if police officers have been instrumental in the plaintiff's continued confinement or prosecution, they cannot escape liability by pointing to the decisions of prosecutors or grand jurors or magistrates to confine or prosecute him. They cannot hide behind the officials whom they have defrauded.

 Jones, 856 F.2d at 994 (emphasis added).

 An analogous situation was before the Supreme Court in Malley v. Briggs, 475 U.S. 335, 89 L. Ed. 2d 271, 106 S. Ct. 1092 (1985). The respondent there brought a § 1983 action against a police officer, claiming that he applied for and received an arrest warrant without probable cause, in violation of respondent's Fourth and Fourteenth Amendment rights. The police officer argued that the judge's issuance of the arrest warrant broke the causal chain between the officer's filing for the warrant and the respondent's arrest. The Court rejected that argument and stated that "the officer cannot excuse his own default by pointing to the greater incompetence of the magistrate." Id. at 475 U.S. 335, 346 at n.9. Although the Court spoke in terms of immunity, it expressly recognized that its discussion was equally relevant to causation. Id. at 344-45 n.7. Thus, even though a judge ordered that Johnson be held, and even though he was then held by the County, the Chicago police nonetheless made the mistaken identification which could properly be found the proximate cause of Johnson's detention.

 II. Sheriff Elrod

 Based on his detention in the County Jail, Johnson sues Sheriff Elrod in both his official and individual capacities. Elrod moves to dismiss on the ground that the requisite causal connection to impose liability is missing. Unlike the case against the City, we grant this motion with prejudice.

 Johnson's complaint against Elrod in his individual capacity must be dismissed since Johnson fails to allege any facts indicating Elrod's personal involvement. See, e.g., Wolf-Lillie v. Sonquist, 699 F.2d 864, 869 (7th Cir. 1983); McBride v. Soos, 679 F.2d 1223, 1227 (7th Cir. 1982). Further, an official capacity suit is, in all respects other than name, treated as a suit against the governmental entity. Kentucky v. Graham, 473 U.S. 159, 87 L. Ed. 2d 114, 105 S. Ct. 3099 (1959); Henry v. Farmer City State Bank, 808 F.2d 1228, 1238 (7th Cir. 1986); Wolf-Lillie, 699 F.2d at 870. We conclude that this action also cannot be maintained against the County.

 Here, Johnson must allege that the County was the cause of his constitutional deprivation. But defendant Elrod was merely following a valid court order to detain Johnson -- and this time it pertained to the real plaintiff Johnson. Although the mistake as to Johnson's identity might have been easily discovered by the sheriff's agents, it is clear that Elrod cannot be held liable:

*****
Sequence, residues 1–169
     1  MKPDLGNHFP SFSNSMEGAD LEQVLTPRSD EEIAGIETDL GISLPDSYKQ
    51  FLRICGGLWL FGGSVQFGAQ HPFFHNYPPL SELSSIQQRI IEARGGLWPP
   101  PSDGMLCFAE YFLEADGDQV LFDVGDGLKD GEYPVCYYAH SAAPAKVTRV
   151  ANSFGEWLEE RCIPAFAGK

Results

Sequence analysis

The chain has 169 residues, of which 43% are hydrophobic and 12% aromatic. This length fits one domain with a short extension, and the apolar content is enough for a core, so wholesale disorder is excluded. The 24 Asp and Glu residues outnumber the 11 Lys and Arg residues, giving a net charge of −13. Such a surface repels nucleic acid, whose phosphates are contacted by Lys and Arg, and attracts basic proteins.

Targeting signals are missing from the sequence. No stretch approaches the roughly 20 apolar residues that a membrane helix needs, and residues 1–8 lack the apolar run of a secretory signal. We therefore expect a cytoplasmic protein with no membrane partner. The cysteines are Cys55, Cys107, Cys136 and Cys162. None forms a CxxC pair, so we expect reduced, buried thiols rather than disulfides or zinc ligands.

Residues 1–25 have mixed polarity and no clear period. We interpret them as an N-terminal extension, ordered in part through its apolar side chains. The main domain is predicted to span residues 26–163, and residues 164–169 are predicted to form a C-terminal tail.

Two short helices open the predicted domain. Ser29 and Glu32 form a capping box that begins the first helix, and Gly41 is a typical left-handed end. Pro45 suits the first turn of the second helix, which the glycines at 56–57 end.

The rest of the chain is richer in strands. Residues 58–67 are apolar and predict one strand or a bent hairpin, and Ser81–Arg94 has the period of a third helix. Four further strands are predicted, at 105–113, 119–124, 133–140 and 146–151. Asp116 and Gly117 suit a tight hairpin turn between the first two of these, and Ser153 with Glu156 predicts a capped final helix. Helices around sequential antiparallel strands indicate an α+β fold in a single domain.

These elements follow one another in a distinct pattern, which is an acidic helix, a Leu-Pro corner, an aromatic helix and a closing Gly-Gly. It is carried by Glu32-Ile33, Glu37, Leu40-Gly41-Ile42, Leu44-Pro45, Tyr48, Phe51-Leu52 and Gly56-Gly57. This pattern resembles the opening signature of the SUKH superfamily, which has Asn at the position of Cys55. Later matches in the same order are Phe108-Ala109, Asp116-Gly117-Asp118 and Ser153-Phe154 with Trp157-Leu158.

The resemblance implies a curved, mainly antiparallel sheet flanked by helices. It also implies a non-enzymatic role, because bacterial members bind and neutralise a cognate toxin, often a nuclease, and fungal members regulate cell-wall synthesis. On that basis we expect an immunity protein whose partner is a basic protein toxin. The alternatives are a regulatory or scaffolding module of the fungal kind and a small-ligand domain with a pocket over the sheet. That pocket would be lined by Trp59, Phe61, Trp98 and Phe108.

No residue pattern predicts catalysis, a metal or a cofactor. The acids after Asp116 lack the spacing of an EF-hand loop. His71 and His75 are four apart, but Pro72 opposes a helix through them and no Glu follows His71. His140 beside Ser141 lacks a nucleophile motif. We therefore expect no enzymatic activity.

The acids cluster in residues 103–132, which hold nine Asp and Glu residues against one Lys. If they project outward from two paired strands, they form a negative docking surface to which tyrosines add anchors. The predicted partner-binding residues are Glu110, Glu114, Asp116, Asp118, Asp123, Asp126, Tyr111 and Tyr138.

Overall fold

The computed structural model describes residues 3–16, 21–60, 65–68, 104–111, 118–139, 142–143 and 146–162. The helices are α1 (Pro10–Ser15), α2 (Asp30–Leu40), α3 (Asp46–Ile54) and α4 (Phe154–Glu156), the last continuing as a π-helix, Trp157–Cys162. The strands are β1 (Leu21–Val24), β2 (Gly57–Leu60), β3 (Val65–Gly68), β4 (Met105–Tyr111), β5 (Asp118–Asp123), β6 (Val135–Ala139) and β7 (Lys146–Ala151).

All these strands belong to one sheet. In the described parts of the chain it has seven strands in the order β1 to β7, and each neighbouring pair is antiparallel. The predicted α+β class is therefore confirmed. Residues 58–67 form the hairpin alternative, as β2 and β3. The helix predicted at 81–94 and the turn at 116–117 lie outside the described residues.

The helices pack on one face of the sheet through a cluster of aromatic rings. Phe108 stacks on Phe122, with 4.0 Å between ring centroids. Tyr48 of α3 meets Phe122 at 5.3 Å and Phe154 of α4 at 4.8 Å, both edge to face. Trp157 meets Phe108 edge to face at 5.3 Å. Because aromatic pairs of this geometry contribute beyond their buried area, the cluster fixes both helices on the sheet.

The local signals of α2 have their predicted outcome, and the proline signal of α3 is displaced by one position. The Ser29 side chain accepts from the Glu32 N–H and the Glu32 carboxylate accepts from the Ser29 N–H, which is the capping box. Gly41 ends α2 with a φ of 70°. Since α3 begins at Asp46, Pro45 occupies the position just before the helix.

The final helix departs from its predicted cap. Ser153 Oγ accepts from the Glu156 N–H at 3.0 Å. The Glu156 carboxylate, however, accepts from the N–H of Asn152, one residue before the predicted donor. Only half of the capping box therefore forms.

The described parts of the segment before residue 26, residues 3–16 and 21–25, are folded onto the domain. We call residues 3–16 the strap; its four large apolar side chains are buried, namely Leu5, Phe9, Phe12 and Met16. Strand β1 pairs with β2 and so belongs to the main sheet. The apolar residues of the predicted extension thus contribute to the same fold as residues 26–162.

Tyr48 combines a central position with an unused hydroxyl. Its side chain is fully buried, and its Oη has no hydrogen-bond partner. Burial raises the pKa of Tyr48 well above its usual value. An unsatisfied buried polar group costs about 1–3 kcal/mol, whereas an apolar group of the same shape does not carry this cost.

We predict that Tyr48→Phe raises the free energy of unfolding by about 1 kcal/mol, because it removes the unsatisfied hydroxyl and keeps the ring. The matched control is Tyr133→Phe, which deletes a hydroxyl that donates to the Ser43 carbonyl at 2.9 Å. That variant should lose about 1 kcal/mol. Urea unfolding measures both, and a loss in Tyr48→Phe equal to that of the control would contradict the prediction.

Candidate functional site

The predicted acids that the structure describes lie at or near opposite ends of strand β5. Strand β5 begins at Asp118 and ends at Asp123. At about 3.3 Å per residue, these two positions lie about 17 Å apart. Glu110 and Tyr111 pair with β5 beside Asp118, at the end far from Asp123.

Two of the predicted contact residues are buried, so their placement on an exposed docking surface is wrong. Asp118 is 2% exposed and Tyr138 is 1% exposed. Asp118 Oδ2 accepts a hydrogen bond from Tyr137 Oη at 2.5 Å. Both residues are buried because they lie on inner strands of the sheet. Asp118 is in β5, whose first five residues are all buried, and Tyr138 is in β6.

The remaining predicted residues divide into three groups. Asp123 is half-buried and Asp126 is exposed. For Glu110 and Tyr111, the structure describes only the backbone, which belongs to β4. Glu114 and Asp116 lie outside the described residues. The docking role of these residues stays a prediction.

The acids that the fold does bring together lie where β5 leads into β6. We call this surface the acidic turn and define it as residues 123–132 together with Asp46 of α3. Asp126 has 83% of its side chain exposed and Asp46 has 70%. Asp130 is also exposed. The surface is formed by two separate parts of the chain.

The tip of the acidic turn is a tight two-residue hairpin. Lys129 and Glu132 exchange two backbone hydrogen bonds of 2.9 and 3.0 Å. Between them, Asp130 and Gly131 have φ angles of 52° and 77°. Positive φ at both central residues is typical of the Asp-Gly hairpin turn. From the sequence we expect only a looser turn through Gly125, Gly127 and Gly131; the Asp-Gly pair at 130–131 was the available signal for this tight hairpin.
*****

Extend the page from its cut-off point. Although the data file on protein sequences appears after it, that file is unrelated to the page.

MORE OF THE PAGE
The failure of a jailor or keeper to release a prisoner held on a warrant or commitment cannot be the basis for a civil rights action regardless of allegations of malice, motive or intent. His act is required by law . . . so long as he acted under authority of the writ or warrant, he was performing a duty which the law at that time required him to perform.

 Arensman v. Brown, 430 F.2d 190, 194 (7th Cir. 1970) (emphasis in original) (quoting Hoffman v. Halden, 268 F.2d 280, 300 (9th Cir. 1959)). A mere custodian is not required to evaluate the legal sufficiency of court orders under the threat of civil rights actions. Henry, 808 F.2d at 1239. Defendant Elrod was acting pursuant to the judge's order and was thus merely a custodian of Johnson during his detention in the County Jail. As a result, he cannot be held liable in this action.

 III. Pendent State Claim

 We dismiss all federal claims asserted against defendants Elrod and the City and there is therefore no proper basis to continue the exercise of pendent jurisdiction over Johnson's state law claim. See United Mine Workers of America v. Gibbs, 383 U.S. 715, 726, 16 L. Ed. 2d 218, 86 S. Ct. 1130 (1966). Since this action was originally removed from state court we may exercise our discretion and either dismiss the state law action without prejudice or remand it back to the state court. See Carnegie-Mellon University v. Cohill, 484 U.S. 343, 98 L. Ed. 2d 720, 108 S. Ct. 614 (1988). Since the dismissal of plaintiff's state law claim is on federal jurisdictional grounds, Illinois courts will toll any applicable limitations period. See Ill. Code Civ.Proc. § 13-217. Further, Johnson may replead his action here and may wish to join the state law theory, or he may chose to not bring his state law action at all. Under these circumstances, we dismiss his state law claim without prejudice.


 For the foregoing reasons, this court grants defendant Sheriff Richard Elrod's motion to dismiss count II and the claims contained therein against Elrod and Cook County are dismissed with prejudice. The court also grants defendant City of Chicago's motion to dismiss count II and the federal civil rights claims against the City are dismissed but with leave for plaintiff to file an amended complaint consistent with this opinion. Count I is dismissed for lack of jurisdiction.

 April 20, 1989.